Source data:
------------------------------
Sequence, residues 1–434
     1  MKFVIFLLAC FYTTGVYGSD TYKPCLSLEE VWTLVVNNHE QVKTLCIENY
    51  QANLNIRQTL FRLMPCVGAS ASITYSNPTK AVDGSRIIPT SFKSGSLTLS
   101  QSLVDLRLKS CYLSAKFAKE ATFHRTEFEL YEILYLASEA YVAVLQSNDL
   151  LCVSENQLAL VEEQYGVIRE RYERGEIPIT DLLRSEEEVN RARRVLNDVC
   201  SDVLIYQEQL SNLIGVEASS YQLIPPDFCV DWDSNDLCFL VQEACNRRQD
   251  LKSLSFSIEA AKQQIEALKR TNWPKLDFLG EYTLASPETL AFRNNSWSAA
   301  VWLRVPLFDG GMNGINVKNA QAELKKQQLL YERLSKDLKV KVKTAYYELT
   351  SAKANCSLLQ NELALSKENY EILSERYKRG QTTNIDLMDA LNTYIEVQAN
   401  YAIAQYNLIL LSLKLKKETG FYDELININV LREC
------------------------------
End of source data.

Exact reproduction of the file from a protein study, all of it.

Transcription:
Sequence, residues 1–434
     1  MKFVIFLLAC FYTTGVYGSD TYKPCLSLEE VWTLVVNNHE QVKTLCIENY
    51  QANLNIRQTL FRLMPCVGAS ASITYSNPTK AVDGSRIIPT SFKSGSLTLS
   101  QSLVDLRLKS CYLSAKFAKE ATFHRTEFEL YEILYLASEA YVAVLQSNDL
   151  LCVSENQLAL VEEQYGVIRE RYERGEIPIT DLLRSEEEVN RARRVLNDVC
   201  SDVLIYQEQL SNLIGVEASS YQLIPPDFCV DWDSNDLCFL VQEACNRRQD
   251  LKSLSFSIEA AKQQIEALKR TNWPKLDFLG EYTLASPETL AFRNNSWSAA
   301  VWLRVPLFDG GMNGINVKNA QAELKKQQLL YERLSKDLKV KVKTAYYELT
   351  SAKANCSLLQ NELALSKENY EILSERYKRG QTTNIDLMDA LNTYIEVQAN
   401  YAIAQYNLIL LSLKLKKETG FYDELININV LREC